The team that is working to bring the amphibious Pratt & Whitney Canada PT6-powered Turbine Mallard into production has been traveling globally to talk to potential customers and possible manufacturing partners, according to general manager Sam Jantzen. “We currently have some interest from manufacturers and from other investment groups to partner in this project,” he told AIN.
A new-build version of the Grumman Mallard amphibian is on the drawing boards, with the formation of Mallard Aircraft by type certificate holder Frakes Aviation. Based in Cleburne, Texas, Mallard Aircraft is headed by Sam Jantzen, Jr., managing director, who previously held pilot and executive positions with Cessna, Fairchild Aircraft, Commuter Air Technology, Raisbeck Engineering and Blackhawk Modifications.
Beriev expects negotiations for licensed production of the Beriev Be-103 and Be-200 amphibians in China to be completed by year-end, the company’s general manager, Victor Kobzev, told AIN. Meanwhile, the company will resubmit the 42-metric-ton-mtow Be-200 twinjet to the European Aviation Safety Agency for certification. At the MAKS 2013 Moscow Air Show last week, Rostec subsidiary KRET (Russian acronym for Radio-electronics Technologies Concern) showed reworked avionics, including some already installed in a Be-200SE-E on the static display.
The Russian defense ministry awarded TANTK Beriev a contract worth Rouble 8.408 billion (U.S.$267 million) for six Be-200 amphibian jets. The first two airplanes delivered in 2014-16 will be the factory-standard Be-200ChS version (the ChS suffix is the Russian acronym for Emergency Situations). The other four will be Be-200PS search-and-rescue versions. The Russian MoD signaled its intent to place a follow-on order for eight more aircraft after this initial contract is fulfilled.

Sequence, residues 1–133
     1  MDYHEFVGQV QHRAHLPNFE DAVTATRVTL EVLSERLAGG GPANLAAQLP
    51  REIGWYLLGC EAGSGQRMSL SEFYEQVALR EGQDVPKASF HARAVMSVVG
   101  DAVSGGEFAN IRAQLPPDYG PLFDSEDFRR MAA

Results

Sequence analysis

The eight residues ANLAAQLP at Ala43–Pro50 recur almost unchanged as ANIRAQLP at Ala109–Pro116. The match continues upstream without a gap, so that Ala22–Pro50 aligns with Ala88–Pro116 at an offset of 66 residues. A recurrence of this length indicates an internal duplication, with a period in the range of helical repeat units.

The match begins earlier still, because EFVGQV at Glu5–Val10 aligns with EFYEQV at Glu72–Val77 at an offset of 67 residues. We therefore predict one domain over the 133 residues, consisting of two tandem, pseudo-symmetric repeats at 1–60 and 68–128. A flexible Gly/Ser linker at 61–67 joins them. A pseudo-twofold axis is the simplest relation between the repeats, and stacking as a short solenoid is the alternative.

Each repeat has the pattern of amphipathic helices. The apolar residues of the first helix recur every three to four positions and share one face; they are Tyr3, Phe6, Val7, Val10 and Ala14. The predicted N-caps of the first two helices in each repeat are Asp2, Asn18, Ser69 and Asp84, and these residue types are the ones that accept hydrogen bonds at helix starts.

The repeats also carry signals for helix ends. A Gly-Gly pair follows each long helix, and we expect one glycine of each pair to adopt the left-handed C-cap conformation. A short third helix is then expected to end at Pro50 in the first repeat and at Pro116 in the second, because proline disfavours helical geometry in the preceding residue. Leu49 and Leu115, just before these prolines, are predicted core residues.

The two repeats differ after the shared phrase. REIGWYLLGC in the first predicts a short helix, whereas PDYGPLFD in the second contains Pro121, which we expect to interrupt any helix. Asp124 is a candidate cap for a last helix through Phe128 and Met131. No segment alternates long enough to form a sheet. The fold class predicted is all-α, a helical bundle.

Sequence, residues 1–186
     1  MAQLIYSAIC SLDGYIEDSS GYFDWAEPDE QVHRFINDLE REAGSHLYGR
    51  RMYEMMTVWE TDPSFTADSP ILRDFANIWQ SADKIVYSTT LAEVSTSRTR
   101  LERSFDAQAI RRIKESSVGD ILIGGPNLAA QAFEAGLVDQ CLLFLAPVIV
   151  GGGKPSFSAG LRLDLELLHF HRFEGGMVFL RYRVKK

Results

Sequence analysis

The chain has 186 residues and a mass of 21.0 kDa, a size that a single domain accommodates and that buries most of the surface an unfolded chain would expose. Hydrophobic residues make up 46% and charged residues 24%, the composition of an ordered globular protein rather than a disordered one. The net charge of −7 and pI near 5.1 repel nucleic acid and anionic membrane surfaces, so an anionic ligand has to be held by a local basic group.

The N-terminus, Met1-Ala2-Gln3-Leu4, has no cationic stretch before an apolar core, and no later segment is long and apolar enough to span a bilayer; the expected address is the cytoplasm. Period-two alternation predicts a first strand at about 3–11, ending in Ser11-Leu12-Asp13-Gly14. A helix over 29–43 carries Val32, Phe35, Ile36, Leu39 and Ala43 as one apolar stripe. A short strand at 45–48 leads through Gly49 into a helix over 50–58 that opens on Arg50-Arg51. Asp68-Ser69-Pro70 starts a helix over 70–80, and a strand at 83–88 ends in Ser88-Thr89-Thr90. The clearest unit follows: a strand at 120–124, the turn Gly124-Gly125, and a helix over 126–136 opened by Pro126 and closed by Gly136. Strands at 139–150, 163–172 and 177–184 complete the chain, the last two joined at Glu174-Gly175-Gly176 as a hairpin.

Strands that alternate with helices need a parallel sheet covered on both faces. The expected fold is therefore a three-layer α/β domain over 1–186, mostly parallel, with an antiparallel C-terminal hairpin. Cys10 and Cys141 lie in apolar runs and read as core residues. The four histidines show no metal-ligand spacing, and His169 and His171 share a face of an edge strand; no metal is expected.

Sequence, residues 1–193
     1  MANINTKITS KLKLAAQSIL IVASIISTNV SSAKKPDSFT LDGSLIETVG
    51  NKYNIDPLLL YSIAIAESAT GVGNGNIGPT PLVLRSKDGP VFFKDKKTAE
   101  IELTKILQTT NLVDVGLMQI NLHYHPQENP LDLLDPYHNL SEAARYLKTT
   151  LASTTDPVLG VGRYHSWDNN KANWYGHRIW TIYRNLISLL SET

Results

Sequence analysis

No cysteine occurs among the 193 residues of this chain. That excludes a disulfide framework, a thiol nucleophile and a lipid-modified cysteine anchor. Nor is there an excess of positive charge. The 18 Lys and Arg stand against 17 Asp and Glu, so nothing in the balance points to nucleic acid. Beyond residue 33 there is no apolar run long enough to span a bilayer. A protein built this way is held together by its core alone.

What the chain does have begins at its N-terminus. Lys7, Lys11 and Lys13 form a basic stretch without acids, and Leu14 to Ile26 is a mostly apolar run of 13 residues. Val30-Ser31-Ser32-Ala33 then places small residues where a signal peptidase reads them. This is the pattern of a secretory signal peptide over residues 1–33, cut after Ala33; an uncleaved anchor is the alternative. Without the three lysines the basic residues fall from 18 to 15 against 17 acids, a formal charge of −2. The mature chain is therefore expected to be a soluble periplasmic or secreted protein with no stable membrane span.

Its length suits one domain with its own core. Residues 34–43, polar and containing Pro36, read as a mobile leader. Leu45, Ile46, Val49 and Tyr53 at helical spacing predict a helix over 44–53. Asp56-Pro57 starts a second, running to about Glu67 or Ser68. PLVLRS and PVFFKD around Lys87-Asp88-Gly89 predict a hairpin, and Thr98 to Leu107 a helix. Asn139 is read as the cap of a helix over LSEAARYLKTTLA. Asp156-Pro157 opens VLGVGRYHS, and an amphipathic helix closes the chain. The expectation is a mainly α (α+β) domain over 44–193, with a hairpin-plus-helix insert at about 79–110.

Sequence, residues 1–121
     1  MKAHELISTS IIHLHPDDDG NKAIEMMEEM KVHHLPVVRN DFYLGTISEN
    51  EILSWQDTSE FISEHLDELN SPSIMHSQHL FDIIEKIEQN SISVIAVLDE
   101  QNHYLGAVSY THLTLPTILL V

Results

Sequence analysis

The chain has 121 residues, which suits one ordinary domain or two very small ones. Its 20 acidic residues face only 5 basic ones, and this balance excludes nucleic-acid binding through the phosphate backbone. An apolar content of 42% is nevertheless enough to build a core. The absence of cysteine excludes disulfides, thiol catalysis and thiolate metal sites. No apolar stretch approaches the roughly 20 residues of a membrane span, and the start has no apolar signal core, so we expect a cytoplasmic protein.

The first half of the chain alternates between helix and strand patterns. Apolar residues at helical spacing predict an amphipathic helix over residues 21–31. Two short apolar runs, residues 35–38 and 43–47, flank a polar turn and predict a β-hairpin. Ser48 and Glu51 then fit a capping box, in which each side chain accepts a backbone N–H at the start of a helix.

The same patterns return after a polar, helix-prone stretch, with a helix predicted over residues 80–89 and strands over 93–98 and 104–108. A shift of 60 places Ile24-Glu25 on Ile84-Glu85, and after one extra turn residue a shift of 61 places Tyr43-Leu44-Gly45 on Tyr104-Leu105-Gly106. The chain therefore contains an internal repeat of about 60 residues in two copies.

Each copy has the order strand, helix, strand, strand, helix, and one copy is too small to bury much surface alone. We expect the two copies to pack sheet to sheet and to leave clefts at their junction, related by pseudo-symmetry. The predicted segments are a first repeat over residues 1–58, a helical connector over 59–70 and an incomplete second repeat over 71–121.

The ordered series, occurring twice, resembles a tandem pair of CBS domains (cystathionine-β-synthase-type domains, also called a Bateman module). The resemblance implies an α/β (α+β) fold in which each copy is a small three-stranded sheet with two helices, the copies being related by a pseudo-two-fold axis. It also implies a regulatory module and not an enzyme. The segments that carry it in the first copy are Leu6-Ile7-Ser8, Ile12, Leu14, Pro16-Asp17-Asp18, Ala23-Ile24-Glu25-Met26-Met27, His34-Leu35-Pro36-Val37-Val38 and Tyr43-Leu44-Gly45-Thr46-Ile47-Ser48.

Archedyne Aerospace of Merritt Island, Fla., is still pursuing Lake Aircraft and Armand Rivard for a $1.4 million judgment, which Rivard has appealed, and development of the Archedyne NauticAir 450 has been on hold for three years during the legal wrangling, but now a group of five “advisors” has added the amphibian business jet to its proposed line of amphibian airplanes that includes designs seating 110, 210, 364 and 530 passengers.
The Komsomolsk-on-Amur Aircraft Production Association (Knaapo) has launched series production of the six-seat Be-103 light amphibious aircraft. Forty aircraft intended for export deliveries in 2005-2007 are now in production and total orders amount to 100 units.
The wing that separated from the Chalk’s Ocean Airways Grumman Turbo Mallard that crashed off Miami Beach last month showed signs of cracking in the main support beam that connected it to the fuselage, according to the NTSB.
Grumman G-73T Turbo Mallard, Miami Beach, Fla., Dec. 19, 2005–The right wing separated from a Chalk’s Turbo Mallard as it was taking off from Chalk’s Watson Island seaplane base. It plunged into the ocean, and all 20 people on board–18 passengers and two crewmembers–died. A witness said he heard a loud noise, then saw the wing fall off before the amphibious airplane fell into the water in flames.